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Several Cincinnati Reds players — Edd Roush, Rube Bressler, Heinie Groh — take pains to declare that their team was better than the Chicago White Sox in the 1919 World Series, and would have won the series even if there had been no fix perpetrated by several Chicago players. They make a good case. But then, everyone in this book makes a good case. The men come across as tougher, from leaner backgrounds, less corporate, more individual — but also more cultured as a group than the stereotype of early century ballplayers would suggest. Harry Hooper recites a considerable list of players who had college backgrounds, and many went on to interesting careers when their playing days were done. Listening to how deftly some of them turn a phrase or tell a story, it is clear they did not spend their post-baseball lives reading only their press clippings.p>That said, history mattered to these men, as is evident from their detailed re-creations of events from bygone days. For them, the past formed a continuum with the present, in a way that a disposable, media-driven culture now makes more difficult. One recalls the infamous television interview with Frank Thomas of the Chicago White Sox in 1997, during the 50th anniversary of Jackie Robinson’s entrance into the major leagues. Thomas, in comments he later claimed were taken out of context, said that Robinson did not mean much to him or his contemporaries because the events were so long in the past. It was the kind of statement that would have left men like Hooper or Crawford breathless, to say nothing of Chief Meyers, who concludes his chapter by telling Ritter: br> /p>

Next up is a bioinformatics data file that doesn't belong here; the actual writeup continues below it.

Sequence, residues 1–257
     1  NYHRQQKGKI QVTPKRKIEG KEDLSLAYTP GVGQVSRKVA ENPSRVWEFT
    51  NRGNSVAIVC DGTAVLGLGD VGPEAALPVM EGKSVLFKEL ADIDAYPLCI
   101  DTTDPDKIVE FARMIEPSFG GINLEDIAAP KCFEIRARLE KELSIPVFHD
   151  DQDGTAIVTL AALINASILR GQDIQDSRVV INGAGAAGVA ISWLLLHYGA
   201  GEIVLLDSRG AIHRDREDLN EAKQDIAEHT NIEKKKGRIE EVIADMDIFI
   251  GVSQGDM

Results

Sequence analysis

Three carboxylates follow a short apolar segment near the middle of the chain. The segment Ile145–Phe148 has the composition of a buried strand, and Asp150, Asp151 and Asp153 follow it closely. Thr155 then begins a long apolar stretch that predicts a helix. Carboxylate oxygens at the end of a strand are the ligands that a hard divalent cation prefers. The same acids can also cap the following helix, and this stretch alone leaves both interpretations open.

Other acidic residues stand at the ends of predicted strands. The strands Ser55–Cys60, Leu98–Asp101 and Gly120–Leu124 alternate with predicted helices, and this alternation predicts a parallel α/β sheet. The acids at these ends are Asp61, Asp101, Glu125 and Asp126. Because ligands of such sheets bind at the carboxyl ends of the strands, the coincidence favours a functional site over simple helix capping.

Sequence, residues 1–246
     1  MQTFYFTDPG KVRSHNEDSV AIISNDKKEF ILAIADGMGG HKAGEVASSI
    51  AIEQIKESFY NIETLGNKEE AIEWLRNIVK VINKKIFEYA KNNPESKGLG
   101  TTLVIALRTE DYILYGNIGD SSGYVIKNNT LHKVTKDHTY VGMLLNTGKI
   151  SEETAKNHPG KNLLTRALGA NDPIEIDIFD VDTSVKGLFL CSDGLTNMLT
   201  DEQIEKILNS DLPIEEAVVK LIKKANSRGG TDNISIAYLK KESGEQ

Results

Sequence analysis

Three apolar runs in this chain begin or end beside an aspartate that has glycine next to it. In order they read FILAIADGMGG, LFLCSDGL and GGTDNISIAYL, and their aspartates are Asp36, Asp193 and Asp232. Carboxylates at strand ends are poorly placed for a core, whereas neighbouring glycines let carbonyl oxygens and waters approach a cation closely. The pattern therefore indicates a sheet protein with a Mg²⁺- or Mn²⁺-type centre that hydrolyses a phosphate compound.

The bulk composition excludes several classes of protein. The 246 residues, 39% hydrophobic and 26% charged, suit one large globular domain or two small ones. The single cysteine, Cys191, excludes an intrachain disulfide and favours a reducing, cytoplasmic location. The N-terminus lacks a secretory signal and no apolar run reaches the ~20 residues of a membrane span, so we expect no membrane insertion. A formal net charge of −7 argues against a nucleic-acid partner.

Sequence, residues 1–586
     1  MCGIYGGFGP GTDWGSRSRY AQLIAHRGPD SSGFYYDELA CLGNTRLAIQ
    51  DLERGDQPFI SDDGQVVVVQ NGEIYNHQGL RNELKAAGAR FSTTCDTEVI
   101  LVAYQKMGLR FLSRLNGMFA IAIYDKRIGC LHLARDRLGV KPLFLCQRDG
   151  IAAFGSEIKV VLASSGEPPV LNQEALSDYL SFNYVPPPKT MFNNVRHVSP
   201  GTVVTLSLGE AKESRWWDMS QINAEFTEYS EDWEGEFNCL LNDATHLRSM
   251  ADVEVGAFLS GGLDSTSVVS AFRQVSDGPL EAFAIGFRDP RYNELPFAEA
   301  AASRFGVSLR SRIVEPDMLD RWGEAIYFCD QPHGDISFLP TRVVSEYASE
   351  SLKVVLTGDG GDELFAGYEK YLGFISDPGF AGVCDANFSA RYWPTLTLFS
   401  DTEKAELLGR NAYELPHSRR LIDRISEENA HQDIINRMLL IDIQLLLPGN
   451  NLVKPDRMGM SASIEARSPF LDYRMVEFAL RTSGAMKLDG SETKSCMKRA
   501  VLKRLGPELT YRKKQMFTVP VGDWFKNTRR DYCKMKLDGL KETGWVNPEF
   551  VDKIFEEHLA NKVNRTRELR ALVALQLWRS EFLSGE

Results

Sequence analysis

I guess I’m like the venerable old warrior Chief of the Great Six Nations, who announced his retirement by saying, “I am like an old hemlock. My head is still high, but the winds of close to a hundred winters have whistled through my branches, and I have been witness to many wondrous and many tragic things. My eyes perceive the present, but my roots are imbedded deeply in the grandeur of the past.”br> Of all our sports, baseball has always been the one most rooted in the grandeur of the past, most stalked by shadows of what has gone before. It is our misfortune that the shadows now hanging over the game are thrown more by scandal than by great deeds or characters. Among other things, however, The Glory of Their Times is a reminder that the game’s history is long, and that it has weathered storms before.
Paul Beston is a writer in New York.
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